Let us consider, for instance, those associated with ancestor worship, initiation rites and dynamism or mana. Ancestor worship undoubtedly has a stabilizing effect on the members of a society by providing them with the consoling thought that their relatives, rather than having been annihilated at death, have simply graduated to a new and more prestigious age-grade, thereby remaining in some way members of their family, clan and tribe. It also provides them with a psychologically necessary goal-structure, for by giving the ancestral spirits their due in the form of sacrifices and by carefully observing the intricacies of tribal traditions, they will obtain their cooperation in warding off diseases and other disasters. At the same time and by the same token, this institution does much to ensure the continuity of the society, effectively complementing the prestige of the council of elders and the power of public opinion in maintaining the set of cultural values on which the very survival of the society as an ordered unit of behaviour depends.

Initiation rites appear to provide a traumatic experience to mark the series of abrupt changes in psychological and social status occurring at birth, puberty and the onset of middle age. Circumcision, for instance, occurs shortly after birth among the Jews, at puberty among many East African tribes, and at forty among the Gallas of Ethiopia.

Such a traumatic experience undoubtedly favours the abandonment of the behaviour pattern associated with the initiate’s status and the development of a new one appropriate to that which he now acquires. Seen from the point of view of the society taken four-dimensionally, it contributes towards the temporal differentiation of its parts.

Dynamism fulfils an important role in the establishment of a society’s goal structure. Many of the rituals and ceremonies performed by its members appear to be interpretable as a means of increasing its stock of mana, while the role of many of its taboos is to prevent behaviour that may lead to a reduction in its stock of this essential substance. In addition, the associated ceremonies undoubtedly have powerful integrative functions and both they and the taboos confer on the society an identity of its own by distinguishing it from its various neighbours and hence contributing to the maintenance of its cohesion and hence of its ordered-structure.

What is to be gained by stating that these traits fall under the heading of religion? What would be the information value of such a statement? Undoubtedly very low, for it does not provide any information on how these traits contribute towards the achievement of the social goals. It is my thesis that it merely states that they look ‘religious’. They affect us in such a way that we are led mainly unconsciously to classify them in this manner.

The subjective nature of this classification is further emphasized by the fact that it appears to be peculiar to the members of complex and disordered societies.

Indeed, as far as I can gather, and I have checked this with members of quite a number of simple societies, the latter’s vocabulary does not normally contain a word corresponding to our concept of religion. This would lead one to suppose that the concept itself is alien to such societies, probably because they have no use for it, i.e. because there is no advantage to be gained by classifying any of their cultural activities in this manner.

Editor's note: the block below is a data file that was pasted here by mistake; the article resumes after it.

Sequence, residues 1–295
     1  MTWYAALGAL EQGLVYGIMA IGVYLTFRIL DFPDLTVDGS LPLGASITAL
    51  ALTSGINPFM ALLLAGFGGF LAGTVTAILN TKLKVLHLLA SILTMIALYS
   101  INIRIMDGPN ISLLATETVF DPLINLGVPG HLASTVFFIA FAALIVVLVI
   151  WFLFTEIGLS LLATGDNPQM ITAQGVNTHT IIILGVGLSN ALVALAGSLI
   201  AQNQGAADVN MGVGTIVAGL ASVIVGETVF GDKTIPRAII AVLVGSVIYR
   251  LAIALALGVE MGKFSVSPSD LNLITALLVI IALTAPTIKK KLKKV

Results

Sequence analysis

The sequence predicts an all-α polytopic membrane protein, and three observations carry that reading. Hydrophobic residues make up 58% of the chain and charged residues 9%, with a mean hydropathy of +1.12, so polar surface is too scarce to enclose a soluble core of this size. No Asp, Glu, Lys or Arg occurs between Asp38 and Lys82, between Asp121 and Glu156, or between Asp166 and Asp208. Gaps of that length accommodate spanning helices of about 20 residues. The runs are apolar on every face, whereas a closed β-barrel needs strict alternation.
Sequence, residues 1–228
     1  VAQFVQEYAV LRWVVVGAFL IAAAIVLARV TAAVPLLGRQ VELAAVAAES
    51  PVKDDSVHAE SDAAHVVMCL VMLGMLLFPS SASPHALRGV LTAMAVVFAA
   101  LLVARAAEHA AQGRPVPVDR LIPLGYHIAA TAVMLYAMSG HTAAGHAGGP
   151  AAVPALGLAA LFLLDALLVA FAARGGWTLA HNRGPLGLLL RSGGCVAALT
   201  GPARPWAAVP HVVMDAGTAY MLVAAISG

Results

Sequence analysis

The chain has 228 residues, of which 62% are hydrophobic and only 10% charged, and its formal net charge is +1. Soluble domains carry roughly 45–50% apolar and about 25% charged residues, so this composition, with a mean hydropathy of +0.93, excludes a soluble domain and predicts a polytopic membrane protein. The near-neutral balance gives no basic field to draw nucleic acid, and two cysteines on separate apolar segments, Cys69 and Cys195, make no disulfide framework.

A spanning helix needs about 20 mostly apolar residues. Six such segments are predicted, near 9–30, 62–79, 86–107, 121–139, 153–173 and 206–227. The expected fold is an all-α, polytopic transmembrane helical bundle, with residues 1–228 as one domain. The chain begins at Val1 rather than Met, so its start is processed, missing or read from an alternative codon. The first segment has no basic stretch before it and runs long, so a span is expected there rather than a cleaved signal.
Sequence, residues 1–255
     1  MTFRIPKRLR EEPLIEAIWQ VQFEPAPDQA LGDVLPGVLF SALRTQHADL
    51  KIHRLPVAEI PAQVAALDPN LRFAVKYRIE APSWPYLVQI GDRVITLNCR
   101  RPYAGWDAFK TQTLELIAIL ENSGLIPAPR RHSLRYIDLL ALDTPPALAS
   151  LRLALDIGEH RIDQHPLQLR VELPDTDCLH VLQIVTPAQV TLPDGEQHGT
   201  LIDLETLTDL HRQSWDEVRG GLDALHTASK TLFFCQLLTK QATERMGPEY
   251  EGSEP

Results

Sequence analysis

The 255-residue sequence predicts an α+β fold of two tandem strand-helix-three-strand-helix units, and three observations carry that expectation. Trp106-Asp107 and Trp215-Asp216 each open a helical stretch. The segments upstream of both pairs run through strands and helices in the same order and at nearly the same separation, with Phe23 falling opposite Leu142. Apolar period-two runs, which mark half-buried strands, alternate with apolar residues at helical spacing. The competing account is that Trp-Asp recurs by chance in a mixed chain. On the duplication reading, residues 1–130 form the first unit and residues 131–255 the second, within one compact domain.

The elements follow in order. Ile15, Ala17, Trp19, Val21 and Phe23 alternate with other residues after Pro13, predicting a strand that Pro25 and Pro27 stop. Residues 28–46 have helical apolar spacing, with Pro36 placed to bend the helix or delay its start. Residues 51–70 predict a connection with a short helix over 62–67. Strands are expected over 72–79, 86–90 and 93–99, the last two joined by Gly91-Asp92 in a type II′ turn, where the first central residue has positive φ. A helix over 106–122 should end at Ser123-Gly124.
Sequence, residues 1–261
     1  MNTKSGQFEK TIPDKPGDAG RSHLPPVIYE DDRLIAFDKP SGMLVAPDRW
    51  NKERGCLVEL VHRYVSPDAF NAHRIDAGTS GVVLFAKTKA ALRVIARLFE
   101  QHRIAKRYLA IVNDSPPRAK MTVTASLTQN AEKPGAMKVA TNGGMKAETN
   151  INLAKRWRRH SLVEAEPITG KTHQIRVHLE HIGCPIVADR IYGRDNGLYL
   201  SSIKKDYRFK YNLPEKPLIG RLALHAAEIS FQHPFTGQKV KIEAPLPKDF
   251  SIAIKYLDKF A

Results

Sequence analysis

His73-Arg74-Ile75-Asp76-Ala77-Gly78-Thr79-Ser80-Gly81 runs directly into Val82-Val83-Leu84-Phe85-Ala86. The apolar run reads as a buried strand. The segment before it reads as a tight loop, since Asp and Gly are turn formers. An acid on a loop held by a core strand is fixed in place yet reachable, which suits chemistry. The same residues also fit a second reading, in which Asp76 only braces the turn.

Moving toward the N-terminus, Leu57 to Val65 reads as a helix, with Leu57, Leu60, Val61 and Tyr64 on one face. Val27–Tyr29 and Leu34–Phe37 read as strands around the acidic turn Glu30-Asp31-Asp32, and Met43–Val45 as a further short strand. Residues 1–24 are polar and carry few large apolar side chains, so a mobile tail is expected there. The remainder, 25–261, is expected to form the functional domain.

If religion is a subjective rather than a functional variable, by the same token it is not a precise one. If different types of societies tend to have different notions of religion, the same is true of individuals within a given society. Indeed ‘religion’ is invariably defined by writers on the subject in different and mutually incompatible ways, and one must conclude that if people cannot agree as to how the term is to be used it cannot possibly constitute a precise variable of a general behavioural model.

This brings us to the question of hierarchy. If the term religion is to be classified hierarchically, it must be possible to relate its use in the context of a complex society to its use in that of a simple one, in such a way that the former be a differentiation of the latter. However, we have seen that the term has very low information value in the latter case. Let us look a little more closely into the reason for this.

The cultural pattern of a simple ordered society appears to form an integral whole, as does that of any ordered unit of behaviour. All writers appear to agree on this point; they only tend to differ as to whether or not this culture is to be labelled ‘religious’.

Fustel de Coulanges4 in his famous study of the Ancient City recognises the unity of its cultural pattern. He wrote:

The state and religion were blended together so completely that it was impossible, not only to imagine a conflict between them, but even to distinguish one from the other.”

(“Cet État et cette religion etaient si complètement confondus ensemble qu’il etait impossible, non seulement d’avoir l’idée d’un conflit entre eux, mais même de les distinguer l’un de l’autre.”)